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Monday, 14 March 2005
Page: 113

Senator SHERRY (9:16 PM) —In rising to speak on this legislation on behalf of the Labor opposition I firstly note that we are dealing with two bills. These two bills are necessary in order to meet our commitment to Indonesia and replenish and provide additional funding for tsunami relief. The Appropriation (Tsunami Financial Assistance and Australia-Indonesia Partnership) Bill 2004-2005 is for new outcomes and capital works and the Appropriation (Tsunami Financial Assistance) Bill 2004-2005 is for ordinary services. These are special appropriation bills, because the size of the financial commitment that is being made to Indonesia in response to the appalling tsunami disaster requires special legislation to pass the Parliament of Australia. The very size of the commitment means that assistance that has been given in respect of other natural disasters—which would not normally require two special appropriation bills—is dwarfed by this package.

I will commence my remarks by focusing on the human dimension of this disaster and why it is necessary to pass these special appropriation bills. Given that these are financial bills, before I get into the details of the finance that is being provided and the way it is being provided, I think it is important to touch on the overwhelming and devastating nature of the disaster that occurred on Boxing Day which, as I understand from last reports, left more than 286,000 people dead, 7,900 missing and more than 1.6 million persons displaced in a dozen countries around South-East Asia and eastern Africa. It is very difficult to find words to describe such a massive, overwhelming and appalling human disaster. I certainly hope that we never see another disaster of such magnitude at any time during my life. I would be very surprised if we did. I looked back at some of the great natural disasters of the last 100 years and the death tolls associated with them, and this disaster certainly seems to leave all in its unfortunate wake just by the sheer size of it.

As we know, Australians have responded overwhelmingly through donations and various types of fundraising that have occurred to provide assistance through a number of non-government organisations. Looking at a list we find that, as at 4 February, Australians had donated a total of $239.6 million. The Australian Red Cross raised $89 million; CARE Australia, $25 million; Caritas Australia, $11 million; Oxfam Community Aid Abroad, $21 million; UNICEF Australia, $5 million; and World Vision Australia, some $74.3 million. They are the collections of moneys by the various aid organisations involved in accepting moneys. I would be very surprised if there were a member of the parliament who had not been to, and participated in, one of the fundraising activities around the country.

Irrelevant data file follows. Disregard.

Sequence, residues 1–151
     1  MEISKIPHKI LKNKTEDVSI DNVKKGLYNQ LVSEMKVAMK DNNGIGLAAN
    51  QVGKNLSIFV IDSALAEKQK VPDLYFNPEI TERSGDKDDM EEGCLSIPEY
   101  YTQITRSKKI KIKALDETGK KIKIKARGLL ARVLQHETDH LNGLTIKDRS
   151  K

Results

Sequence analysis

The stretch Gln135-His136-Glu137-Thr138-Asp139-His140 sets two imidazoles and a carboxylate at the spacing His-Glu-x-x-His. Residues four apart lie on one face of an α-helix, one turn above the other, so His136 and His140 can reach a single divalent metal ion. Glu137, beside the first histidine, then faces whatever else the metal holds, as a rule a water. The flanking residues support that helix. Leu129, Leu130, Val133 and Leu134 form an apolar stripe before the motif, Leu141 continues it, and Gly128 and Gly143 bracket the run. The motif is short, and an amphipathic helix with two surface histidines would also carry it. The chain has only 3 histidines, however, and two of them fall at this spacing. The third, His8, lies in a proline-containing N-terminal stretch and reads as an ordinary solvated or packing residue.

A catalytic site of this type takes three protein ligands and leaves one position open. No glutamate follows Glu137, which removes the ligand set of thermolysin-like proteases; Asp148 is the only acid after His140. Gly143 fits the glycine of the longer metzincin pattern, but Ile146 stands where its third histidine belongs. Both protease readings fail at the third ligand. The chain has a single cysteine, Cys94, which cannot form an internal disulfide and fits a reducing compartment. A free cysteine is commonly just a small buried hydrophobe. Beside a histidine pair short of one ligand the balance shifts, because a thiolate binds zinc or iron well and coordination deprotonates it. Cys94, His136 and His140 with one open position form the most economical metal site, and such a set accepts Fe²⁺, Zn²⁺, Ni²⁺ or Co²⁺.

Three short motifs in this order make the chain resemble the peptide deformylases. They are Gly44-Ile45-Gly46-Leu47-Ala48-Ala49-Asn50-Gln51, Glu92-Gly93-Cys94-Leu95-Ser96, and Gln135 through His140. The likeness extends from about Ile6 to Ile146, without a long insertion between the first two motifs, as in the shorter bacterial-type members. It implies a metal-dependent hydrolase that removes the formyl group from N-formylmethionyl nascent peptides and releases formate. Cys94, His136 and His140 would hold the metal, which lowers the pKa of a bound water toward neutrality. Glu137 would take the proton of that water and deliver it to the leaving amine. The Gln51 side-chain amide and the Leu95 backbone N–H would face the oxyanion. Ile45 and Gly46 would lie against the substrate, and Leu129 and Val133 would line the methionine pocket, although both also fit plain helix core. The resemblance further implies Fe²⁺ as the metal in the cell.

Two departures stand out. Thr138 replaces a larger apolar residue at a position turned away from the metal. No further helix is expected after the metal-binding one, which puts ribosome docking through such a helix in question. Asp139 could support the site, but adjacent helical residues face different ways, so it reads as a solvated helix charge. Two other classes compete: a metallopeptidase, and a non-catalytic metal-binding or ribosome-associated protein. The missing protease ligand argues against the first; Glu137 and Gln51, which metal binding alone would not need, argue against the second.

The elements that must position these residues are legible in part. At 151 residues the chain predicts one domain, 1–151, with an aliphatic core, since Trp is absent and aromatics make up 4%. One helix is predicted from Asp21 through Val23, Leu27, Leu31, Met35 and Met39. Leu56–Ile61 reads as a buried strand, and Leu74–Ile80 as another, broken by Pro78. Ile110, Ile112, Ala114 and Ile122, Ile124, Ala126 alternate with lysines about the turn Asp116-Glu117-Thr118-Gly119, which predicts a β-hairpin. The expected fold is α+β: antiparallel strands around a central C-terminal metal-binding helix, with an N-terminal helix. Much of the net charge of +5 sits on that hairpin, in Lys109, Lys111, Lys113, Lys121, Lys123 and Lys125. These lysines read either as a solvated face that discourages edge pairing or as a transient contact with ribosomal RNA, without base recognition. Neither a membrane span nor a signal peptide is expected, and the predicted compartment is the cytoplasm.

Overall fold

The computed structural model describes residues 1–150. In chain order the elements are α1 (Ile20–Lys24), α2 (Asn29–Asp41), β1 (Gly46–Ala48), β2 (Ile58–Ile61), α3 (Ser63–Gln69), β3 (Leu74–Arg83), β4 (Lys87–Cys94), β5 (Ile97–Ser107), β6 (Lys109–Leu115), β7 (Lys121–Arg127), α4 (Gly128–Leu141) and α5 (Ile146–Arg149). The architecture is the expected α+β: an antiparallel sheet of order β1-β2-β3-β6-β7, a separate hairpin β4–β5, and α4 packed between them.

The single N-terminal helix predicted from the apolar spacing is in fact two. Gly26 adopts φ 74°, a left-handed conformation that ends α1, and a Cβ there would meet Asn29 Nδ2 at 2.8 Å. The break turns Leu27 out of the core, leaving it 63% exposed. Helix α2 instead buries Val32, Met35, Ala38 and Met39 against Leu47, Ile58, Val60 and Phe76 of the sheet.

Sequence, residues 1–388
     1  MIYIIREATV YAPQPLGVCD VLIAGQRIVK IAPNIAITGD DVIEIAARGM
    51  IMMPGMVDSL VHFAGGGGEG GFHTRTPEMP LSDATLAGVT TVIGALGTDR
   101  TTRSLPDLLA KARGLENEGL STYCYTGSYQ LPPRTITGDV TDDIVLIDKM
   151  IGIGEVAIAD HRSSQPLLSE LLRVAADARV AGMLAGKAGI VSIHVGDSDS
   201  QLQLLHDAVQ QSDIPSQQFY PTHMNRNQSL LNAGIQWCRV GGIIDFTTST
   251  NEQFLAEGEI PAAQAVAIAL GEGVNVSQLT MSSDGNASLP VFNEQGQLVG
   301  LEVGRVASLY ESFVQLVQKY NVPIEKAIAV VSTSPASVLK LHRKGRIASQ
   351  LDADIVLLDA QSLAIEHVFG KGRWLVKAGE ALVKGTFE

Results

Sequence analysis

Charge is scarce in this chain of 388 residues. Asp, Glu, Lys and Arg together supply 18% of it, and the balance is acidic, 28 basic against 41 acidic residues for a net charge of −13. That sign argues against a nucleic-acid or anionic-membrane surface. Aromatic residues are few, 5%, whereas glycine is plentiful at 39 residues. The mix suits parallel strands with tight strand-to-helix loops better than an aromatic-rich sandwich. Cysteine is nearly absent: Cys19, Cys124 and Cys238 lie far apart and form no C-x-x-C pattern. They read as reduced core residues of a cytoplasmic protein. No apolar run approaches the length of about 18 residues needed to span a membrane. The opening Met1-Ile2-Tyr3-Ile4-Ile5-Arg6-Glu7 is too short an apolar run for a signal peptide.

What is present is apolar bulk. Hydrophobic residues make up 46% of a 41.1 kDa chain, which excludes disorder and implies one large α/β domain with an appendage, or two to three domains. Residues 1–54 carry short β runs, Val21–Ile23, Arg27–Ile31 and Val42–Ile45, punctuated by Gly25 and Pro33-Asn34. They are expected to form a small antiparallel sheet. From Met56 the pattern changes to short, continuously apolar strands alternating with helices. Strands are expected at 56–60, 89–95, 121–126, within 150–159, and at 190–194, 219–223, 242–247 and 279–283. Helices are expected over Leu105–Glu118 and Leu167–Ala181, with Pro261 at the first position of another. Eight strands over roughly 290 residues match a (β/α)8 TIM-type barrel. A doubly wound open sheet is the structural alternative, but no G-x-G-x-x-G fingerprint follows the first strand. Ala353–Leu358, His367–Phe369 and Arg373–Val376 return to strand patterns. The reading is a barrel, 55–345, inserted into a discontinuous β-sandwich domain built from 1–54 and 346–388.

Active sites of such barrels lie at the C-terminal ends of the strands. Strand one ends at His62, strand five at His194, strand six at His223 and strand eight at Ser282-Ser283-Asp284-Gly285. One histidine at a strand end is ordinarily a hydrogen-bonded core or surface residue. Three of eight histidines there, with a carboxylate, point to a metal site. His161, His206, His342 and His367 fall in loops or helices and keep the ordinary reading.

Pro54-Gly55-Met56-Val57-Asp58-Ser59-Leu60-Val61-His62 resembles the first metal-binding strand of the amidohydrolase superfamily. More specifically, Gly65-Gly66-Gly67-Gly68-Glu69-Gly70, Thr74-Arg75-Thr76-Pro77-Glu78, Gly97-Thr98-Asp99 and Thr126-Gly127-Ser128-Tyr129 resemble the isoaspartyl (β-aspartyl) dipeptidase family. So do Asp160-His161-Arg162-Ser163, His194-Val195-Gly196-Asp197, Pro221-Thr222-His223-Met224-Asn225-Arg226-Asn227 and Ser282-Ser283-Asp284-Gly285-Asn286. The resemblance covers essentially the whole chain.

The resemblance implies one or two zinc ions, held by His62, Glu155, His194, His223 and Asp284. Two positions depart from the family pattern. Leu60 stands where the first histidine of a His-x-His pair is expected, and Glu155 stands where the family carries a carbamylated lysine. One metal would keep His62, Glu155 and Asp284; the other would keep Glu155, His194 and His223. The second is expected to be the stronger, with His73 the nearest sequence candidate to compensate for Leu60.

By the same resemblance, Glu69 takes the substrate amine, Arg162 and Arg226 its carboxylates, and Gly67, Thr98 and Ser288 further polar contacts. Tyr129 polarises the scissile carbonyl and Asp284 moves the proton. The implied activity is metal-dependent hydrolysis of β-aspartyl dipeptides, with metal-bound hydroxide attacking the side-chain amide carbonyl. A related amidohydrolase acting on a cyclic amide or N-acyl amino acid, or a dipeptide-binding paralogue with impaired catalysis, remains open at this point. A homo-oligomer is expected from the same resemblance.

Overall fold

I will now turn to some of the financial details of the two appropriation bills we are considering. The Appropriation (Tsunami Financial Assistance and Australia-Indonesia Partnership) Bill 2004-2005 proposes $1 billion for the Australia-Indonesia Partnership for Reconstruction and Development. This proposal consists of two elements: $500 million of grants and $500 million in concessional financing. These two amounts are to be transferred into separate special accounts, keeping the funds separate for payment under specific terms. The grants are to be used for small-scale reconstruction for social and economic infrastructure, human resource development, scholarships, education and training programs, humanitarian relief, rehabilitation, recovery assistance and assistance with systems of governance, including systems of law and justice, economic and financial management and public management. The concessional financing will provide loans for the reconstruction and rehabilitation of major infrastructure. The terms provide for $500 million in interest-free financing for up to 40 years, with no repayment of principal before 10 years have elapsed.